Whether you pitch live or dead baits, always have a bait ready, and immediately drop it into the water when a fish shows, especially when you already have one fish hooked, captains say.
“If you’re fighting a sailfish, cast [a sardine] toward it, and a lot of times you’ll hook another sailfish right away,” Hunt says, noting that the technique works with other species, most notably dolphin, but also wahoo, tuna and marlin. “Even before you release it, have a guy cast a bait toward that fish.”
When he trolls at 15 knots for wahoo, for instance, he’ll slow the boat once he hooks a fish and ask an angler to cast a live goggle-eye with a wire leader, in case there’s another wahoo around. With dolphin, he waits to pitch a livey until the fish obviously snubs the trolled baits.
If he finds a school of dolphin, Hunt starts casting lures or jigs. When the fish lose interest, he switches to chunks of ballyhoo or bonito. When they stop biting the chunks, he deploys liveys. And before leaving a dolphin school, he drops a live goggle-eye deep, well below the school, in case a larger fish still lurks.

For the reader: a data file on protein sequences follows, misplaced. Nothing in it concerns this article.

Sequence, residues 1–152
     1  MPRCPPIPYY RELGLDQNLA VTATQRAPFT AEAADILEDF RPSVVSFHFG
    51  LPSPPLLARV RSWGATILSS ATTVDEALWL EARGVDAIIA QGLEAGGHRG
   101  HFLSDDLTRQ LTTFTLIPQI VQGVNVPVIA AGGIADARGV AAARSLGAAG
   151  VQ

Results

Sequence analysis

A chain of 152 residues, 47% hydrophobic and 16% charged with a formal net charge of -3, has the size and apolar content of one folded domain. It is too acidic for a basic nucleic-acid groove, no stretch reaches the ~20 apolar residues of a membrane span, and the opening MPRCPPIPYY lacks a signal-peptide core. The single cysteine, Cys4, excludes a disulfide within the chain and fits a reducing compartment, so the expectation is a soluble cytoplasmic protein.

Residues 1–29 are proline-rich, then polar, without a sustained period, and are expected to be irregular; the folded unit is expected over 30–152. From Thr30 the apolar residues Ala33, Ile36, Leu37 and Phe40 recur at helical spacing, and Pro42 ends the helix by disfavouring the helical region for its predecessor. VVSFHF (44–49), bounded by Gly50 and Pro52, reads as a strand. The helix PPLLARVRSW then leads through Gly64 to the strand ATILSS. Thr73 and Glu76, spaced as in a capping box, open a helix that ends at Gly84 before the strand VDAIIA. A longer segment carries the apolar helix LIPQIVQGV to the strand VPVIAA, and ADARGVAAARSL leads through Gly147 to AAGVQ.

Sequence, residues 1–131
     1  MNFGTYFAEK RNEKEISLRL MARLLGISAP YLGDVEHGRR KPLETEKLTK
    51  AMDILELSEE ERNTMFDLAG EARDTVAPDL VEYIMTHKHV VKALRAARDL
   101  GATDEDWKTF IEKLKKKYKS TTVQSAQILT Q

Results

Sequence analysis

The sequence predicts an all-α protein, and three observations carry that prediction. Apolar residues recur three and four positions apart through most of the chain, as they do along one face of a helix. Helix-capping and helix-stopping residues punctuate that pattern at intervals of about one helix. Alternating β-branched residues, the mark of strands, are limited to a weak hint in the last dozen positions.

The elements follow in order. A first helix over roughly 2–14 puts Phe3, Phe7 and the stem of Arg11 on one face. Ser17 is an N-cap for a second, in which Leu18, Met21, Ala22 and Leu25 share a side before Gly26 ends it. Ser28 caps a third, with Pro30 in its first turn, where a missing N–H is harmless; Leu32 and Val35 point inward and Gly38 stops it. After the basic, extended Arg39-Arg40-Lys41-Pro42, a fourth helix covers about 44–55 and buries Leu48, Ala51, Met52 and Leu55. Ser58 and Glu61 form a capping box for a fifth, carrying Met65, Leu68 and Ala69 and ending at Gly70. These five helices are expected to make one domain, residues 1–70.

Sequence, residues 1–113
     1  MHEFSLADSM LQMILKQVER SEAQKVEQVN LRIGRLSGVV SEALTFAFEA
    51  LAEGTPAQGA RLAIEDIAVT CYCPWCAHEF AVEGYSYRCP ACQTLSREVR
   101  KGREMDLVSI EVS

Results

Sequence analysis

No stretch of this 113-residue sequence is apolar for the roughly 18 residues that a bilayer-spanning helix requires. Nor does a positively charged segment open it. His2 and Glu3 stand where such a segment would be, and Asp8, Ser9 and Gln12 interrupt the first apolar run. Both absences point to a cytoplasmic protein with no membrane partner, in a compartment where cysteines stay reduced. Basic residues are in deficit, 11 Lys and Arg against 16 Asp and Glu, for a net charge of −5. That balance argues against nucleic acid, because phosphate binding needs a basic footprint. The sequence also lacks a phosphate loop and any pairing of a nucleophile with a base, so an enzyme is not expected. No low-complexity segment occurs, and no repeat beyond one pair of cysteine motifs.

When targeting tuna, Hunt will watch for the first jump, “then just throw everything you’ve got in your spread, because the more baits you have in the water, the better,” he says. “We do a lot of that, or we cast popping plugs. That kind of gets blackfin and yellowfin tunas fired up, then we cast baits.”
Hunt says he also has tossed pitch baits to white marlin out of Harbor Island in the Bahamas. “We’re pulling baits, hook a white, and as he’s getting close to the boat, we flip out live goggle-eyes and hook another.”
Florida captains use pitch baits most often for sailfish because the sails usually travel in pods.
Hunt also keeps at least one live pitch bait handy, hooked to a spinning outfit, for those times when sails pop up in a kite spread or when he spots a free-jumper.